Despite sanctions, Apple gear sales boom in Iran

“At its gleaming store, RadanMac offers the latest Apple gear – the new iPad, iPhones, iPods, laptops, all-in-one desktop computers and more,” Marcus George reports for Reuters.

“But this is no ordinary Apple store. It’s in Tehran, where Apple and other U.S. computer products are banned under U.S. sanctions that have been in place for years. Despite the embargo, RadanMac is one of an estimated 100 stores in the Iranian capital that openly sell Apple products, often at little more than U.S. prices,” George reports. “‘Business has been booming for the last three years,’ said Majid Tavassoli, the store’s owner, in a phone interview. He said his company employs more than 20 staffers and has been supplying Apple products to Iranian buyers since 1995. The company also has a servicing unit and a business sales arm whose clients have included the Central Bank of Iran, state television channels, newspapers and design professionals.”

George reports, “Iran’s booming Apple business underscores the limitations of economic sanctions by the United States and other countries. Washington and its allies have imposed sanctions in an attempt to curb Iran’s nuclear programme, which Tehran maintains is peaceful. U.S. companies are barred from selling any goods or services to Iran unless they obtain special authorization… But U.S. consumer products and computer equipment are another matter. Although they are banned, enterprising Iranian merchants continue to source them through underground trade routes in the Middle East and beyond.”

Much more in the full article here.

MacDailyNews Take: Thermonuclear, indeed.


    1. …on the theory that when their government causes enough pain for them, the people will revolt against it. In the end analysis, the people are in charge, and if they don’t like what their government is doing, they have the duty to do something about it. In this case, their silence indicates their consent.

      1. In a perfect world where the most likely outcome for peacefully attempting to bring down despotic regimes wasn’t death, most people would probably be inclined to overthrow oppressive rulers.

        However, human nature and the instinct for survival pretty much insures that most people will go along with the status quo they (and their parents, and their parents’ parents, ad infinitum) have lived under their entire lives.

        In much of the world most people have lived under a steady change of oppressive regimes, one after another, with no idea of alternatives. The idea of an alternative to what they’ve lived under isn’t even in their concept of reality.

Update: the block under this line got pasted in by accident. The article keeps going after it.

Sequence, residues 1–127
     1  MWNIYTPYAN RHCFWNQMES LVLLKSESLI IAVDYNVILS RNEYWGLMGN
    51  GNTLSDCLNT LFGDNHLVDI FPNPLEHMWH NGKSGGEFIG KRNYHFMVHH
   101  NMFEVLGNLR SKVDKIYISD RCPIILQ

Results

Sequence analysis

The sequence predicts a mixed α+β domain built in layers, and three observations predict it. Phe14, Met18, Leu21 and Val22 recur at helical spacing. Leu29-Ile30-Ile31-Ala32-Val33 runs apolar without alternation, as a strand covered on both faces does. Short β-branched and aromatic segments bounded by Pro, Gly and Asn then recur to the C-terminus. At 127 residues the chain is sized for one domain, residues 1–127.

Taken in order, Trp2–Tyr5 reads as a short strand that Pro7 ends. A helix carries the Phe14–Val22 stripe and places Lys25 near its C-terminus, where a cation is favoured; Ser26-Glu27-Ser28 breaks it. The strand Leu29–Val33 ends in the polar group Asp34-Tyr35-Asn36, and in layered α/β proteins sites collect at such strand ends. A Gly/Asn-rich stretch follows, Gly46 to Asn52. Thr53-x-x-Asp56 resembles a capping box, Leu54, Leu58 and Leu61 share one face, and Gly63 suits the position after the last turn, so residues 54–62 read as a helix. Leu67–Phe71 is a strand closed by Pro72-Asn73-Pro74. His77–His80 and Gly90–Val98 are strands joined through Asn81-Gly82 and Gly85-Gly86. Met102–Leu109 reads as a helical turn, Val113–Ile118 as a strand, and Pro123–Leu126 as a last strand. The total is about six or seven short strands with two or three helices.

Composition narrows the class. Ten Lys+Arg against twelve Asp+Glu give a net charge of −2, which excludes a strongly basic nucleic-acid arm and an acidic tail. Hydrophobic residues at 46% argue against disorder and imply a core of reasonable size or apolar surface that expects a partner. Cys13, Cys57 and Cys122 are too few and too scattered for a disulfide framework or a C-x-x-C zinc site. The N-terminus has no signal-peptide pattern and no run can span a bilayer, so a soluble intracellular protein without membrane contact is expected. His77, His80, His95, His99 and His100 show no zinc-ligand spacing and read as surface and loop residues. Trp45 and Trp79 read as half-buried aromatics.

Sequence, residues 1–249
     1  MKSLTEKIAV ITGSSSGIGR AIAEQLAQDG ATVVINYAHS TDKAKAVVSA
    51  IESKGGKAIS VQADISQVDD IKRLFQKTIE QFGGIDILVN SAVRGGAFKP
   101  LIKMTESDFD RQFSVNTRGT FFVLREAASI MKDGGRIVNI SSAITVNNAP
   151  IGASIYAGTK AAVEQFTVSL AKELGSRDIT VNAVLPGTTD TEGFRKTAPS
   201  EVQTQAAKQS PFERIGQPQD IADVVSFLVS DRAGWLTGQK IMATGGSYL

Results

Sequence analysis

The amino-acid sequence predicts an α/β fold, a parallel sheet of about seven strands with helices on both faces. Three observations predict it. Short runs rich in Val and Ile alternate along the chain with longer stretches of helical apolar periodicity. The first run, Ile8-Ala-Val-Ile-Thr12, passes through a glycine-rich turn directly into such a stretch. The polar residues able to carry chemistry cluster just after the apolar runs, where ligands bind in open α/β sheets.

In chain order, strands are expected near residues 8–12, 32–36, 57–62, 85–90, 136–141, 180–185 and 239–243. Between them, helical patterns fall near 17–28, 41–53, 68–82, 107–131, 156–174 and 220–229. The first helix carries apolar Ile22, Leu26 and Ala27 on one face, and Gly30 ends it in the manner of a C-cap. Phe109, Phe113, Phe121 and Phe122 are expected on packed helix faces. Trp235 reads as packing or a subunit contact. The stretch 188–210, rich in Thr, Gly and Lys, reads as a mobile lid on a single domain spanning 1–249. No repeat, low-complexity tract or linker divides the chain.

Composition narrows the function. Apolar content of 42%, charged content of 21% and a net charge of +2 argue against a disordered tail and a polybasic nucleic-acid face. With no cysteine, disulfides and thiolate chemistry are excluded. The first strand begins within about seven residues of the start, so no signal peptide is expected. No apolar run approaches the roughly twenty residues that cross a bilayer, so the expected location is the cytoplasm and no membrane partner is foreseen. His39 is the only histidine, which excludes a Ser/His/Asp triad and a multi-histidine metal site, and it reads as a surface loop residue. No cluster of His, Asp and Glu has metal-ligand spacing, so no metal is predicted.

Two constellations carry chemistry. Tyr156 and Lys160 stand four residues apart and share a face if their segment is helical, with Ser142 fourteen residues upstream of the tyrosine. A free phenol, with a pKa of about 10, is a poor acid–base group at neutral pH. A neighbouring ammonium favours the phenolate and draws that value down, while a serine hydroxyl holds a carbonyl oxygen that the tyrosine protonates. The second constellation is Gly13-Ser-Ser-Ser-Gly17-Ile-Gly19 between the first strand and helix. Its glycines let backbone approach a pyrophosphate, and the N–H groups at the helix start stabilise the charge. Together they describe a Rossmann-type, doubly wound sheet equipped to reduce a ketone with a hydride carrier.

It’s easy to be unrealistically idealistic when one has never spent a day or an hour, let alone their entire life, living under such circumstances.

        It’s quite another when you’ve lived your entire life under an alternative system, and then watched over the course of much of that life as your peers frittered away the freedom and liberty that your and their grandparent’s grandparents fought and died to establish and maintain.

        And do it all for the “common good” and “security”… the two most false gods of government and politics.

  1. I find it hard to believe the products are selling for “just above US prices”. Here in Saudi Arabia, where there are no sanctions, most Apple gear sells at a 30 – 40% above US retail. Because Apple doesn’t have an official presence here, most likely due to lax IP protection laws, products here are “grey- market”, meaning they’re sourced through unifficial channels. Usually, they’re purchased in the US or EU at full retail by a “holding company”, shipped here (where customs takes their cut, usually in a percentage if actual products), and resold at US retail price Customs costs markup, male among your average entry-level iPad sells for between $600 and $700. The only exception is typically the iPhone, which is sold officially here through several carriers.

    So I doubt it’s “just barely” over US retail in Iran, considering the risks involved, unless they’re calling a 50% markup “barely above”…

    1. As in Saudi Arabia, there’s no official presence (Apple Store) in Israel. All imports go through iDigital, an “exclusive distributor” which happens to be owned by President Peres’ son. After import duties, VAT and a little monopoly profiteering, prices there too are 30-40% above US retail.

      That may change at some point as Apple now has a different kind of presence there. After buying a local high-tech firm (Anobit) specializing in flash ram, Apple is assembling its own R&D facility there.

      Much of the Iranian smuggling, by the way, is handled by the IRGC – the Revolutionary Guard Corps – who are also running Iran’s nuclear and missile projects.

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